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Can A 'Fiscal Cliff' Deal Be Both In And Out Of Reach? Yes

Posted: December 10, 2012

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After President Obama and House Speaker John Boehner's face-to-face meeting, there's talk about an agreement soon being struck. But every such analysis also comes with many caveats.

President Obama in the Oval Office, where there may be some more late night bargaining sessions before a deal is reached to keep the federal government from going over the

President Obama in the Oval Office, where there may be some more late night bargaining sessions before a deal is reached to keep the federal government from going over the "fiscal cliff." (December 2009 file photo.) Pete Souza

The face-to-face meeting at the White House Sunday between President Obama and House Speaker John Boehner has led to analyses such as these this morning:

-- "The contours of a deal to avert the year-end fiscal cliff are becoming increasingly clear. But progress has been slow, and time is running out for leaders to seal an agreement and sell it to restless lawmakers who so far have been given little information." (The Washington Post)

-- "The disclosure of the meeting indicated that private discussions continue in the face of Republican leaders' public statements deploring the lack of progress and the president's refusal so far to specify the sort of deep, long-term reductions in spending for social programs that they insist upon as a condition of their support for raising taxes on high earners." (The New York Times)

-- "The lines are clear: Obama says a deal will not get done unless tax rates increase on top earners. Boehner says he's opposed to tax rate increases on anyone. But in recent days, the options seem to have narrowed for Republicans. Democrats have held firm on rate increases, while a few Republicans have slowly peeled away. For example, Sen. Bob Corker (R-Tenn.) on Sunday indicated he would let taxes rise on top earners." (Politico)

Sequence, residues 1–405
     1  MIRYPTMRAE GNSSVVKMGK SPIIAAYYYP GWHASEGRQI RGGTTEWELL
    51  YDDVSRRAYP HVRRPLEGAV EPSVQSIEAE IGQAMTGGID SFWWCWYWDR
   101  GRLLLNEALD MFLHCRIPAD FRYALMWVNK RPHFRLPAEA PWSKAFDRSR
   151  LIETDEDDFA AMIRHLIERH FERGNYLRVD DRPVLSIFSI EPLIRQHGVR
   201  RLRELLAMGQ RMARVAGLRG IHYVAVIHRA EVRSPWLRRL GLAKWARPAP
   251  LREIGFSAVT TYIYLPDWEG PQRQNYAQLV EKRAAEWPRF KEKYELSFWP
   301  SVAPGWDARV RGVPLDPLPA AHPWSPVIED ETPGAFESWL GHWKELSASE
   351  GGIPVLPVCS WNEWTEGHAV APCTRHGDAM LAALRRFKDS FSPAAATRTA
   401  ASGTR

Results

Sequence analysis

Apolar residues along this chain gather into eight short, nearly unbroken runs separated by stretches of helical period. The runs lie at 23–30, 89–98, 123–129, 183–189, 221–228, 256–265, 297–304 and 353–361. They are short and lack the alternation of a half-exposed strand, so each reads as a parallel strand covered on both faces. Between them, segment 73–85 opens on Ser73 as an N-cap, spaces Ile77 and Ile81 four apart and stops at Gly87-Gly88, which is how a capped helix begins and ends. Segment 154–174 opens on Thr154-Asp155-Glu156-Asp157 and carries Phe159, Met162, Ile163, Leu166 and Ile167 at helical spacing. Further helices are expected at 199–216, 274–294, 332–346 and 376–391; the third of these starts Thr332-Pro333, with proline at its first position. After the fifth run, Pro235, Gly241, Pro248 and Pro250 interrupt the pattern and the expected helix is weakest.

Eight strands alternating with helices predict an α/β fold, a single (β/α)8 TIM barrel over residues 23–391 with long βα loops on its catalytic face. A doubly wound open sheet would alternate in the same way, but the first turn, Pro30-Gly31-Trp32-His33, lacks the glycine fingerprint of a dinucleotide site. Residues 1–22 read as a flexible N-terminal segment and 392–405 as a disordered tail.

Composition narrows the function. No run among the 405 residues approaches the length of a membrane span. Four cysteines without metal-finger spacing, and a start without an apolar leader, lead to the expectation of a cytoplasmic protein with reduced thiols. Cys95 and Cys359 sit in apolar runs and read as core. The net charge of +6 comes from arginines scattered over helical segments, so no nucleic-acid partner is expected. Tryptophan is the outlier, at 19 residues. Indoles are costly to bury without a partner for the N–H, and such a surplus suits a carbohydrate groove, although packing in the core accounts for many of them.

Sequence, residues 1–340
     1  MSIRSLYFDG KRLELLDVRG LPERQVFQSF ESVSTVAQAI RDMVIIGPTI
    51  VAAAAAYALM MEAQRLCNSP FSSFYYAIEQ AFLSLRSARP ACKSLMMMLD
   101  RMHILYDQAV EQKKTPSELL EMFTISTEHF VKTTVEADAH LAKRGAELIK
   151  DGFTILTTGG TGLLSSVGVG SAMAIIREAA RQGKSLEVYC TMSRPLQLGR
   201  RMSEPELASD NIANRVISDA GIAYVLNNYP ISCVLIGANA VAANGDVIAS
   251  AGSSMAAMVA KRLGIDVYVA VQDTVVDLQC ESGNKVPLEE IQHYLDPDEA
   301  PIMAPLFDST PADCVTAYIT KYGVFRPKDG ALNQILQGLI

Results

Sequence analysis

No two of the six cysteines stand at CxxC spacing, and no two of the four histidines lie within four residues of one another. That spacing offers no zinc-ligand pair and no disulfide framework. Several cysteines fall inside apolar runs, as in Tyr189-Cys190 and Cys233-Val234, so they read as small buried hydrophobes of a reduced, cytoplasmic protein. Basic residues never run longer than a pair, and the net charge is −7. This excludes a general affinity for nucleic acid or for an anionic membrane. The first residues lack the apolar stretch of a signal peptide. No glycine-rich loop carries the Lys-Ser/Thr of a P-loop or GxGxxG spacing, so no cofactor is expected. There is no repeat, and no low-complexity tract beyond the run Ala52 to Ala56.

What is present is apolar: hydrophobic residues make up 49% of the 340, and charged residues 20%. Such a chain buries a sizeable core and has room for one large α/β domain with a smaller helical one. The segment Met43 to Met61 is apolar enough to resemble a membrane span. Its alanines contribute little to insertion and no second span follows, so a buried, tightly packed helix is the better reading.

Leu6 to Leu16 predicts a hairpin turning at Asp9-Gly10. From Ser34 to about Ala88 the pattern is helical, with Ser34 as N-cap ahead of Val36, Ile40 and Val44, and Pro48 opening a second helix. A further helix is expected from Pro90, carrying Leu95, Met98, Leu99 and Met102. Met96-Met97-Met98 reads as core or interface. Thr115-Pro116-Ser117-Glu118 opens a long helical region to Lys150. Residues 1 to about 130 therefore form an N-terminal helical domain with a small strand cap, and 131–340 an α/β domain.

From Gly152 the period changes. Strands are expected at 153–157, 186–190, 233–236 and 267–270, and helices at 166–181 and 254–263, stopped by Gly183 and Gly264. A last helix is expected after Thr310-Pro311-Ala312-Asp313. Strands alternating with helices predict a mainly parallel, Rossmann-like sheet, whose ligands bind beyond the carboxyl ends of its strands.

-- "For now, the bulk of attention is on the specifics of a deal. But speculation about details can obscure the bigger picture. An agreement hovers within reach. It could be expansive and historic, and would come at a time when Washington is accused of being small-minded and sclerotic." (The Hill)

-- "The meeting marks one of the first positive signs in days that negotiations may be moving forward in some degree." (NPR's Kirk Siegler, for our Newscast)

So what might a deal to avert going over the so-called fiscal cliff of expiring tax cuts and sharp spending reductions that kick in a year's end look like? The Associated Press reports that:

"Obama has been pushing higher tax rates on the wealthiest Americans as one way to reduce the deficit — a position Boehner and other House Republicans have been steadfastly against. Republicans are demanding steeper cuts in costly government entitlement programs like Medicare and Social Security.

"One GOP senator said Sunday that Senate Republicans would probably agree to higher tax rates on the wealthiest Americans if it meant getting a chance to overhaul entitlement programs.

"The comments by Bob Corker of Tennessee — a fiscal conservative who has been gaining stature in the Senate as a pragmatic deal broker — puts new pressure on Boehner and other Republican leaders to rethink their long-held assertion that even the very rich shouldn't see their rates go up next year. GOP leaders have argued that the revenue gained by hiking the top two tax rates would be trivial to the deficit, and that any tax hike hurts job creation.

"But Corker said insisting on that red line — especially since Obama won re-election after campaigning on raising tax rates on the wealthy — might not be wise."

As for the prospects of a deal being reached soon, The Wall Street Journal writes that "White House officials suggested the Obama-Boehner meeting was a positive sign for the long-stalled negotiations. The president's aides have left his schedule largely open this week so he has the flexibility to hold additional meetings and events. Mr. Obama plans to reiterate Monday at an event in Michigan his call for the House to pass an extension of the Bush-era tax cuts for households making under $250,000 in annual income.

Copyright 2014 NPR. To see more, visit http://www.npr.org/.

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